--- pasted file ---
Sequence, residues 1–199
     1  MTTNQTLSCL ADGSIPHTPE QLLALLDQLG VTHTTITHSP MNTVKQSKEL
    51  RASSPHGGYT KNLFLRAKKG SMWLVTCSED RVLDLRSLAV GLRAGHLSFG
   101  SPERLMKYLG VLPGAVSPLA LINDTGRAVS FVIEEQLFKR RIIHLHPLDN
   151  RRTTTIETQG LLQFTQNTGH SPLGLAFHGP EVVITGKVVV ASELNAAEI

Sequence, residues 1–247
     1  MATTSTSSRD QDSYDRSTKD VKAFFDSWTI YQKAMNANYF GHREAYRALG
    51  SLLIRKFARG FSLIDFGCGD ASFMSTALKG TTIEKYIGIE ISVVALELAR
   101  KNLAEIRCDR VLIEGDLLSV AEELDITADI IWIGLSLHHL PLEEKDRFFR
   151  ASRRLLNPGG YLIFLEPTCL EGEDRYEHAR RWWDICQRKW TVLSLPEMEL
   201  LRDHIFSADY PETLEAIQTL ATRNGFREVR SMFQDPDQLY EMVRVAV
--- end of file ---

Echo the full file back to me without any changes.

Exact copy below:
Sequence, residues 1–199
     1  MTTNQTLSCL ADGSIPHTPE QLLALLDQLG VTHTTITHSP MNTVKQSKEL
    51  RASSPHGGYT KNLFLRAKKG SMWLVTCSED RVLDLRSLAV GLRAGHLSFG
   101  SPERLMKYLG VLPGAVSPLA LINDTGRAVS FVIEEQLFKR RIIHLHPLDN
   151  RRTTTIETQG LLQFTQNTGH SPLGLAFHGP EVVITGKVVV ASELNAAEI

Sequence, residues 1–247
     1  MATTSTSSRD QDSYDRSTKD VKAFFDSWTI YQKAMNANYF GHREAYRALG
    51  SLLIRKFARG FSLIDFGCGD ASFMSTALKG TTIEKYIGIE ISVVALELAR
   101  KNLAEIRCDR VLIEGDLLSV AEELDITADI IWIGLSLHHL PLEEKDRFFR
   151  ASRRLLNPGG YLIFLEPTCL EGEDRYEHAR RWWDICQRKW TVLSLPEMEL
   201  LRDHIFSADY PETLEAIQTL ATRNGFREVR SMFQDPDQLY EMVRVAV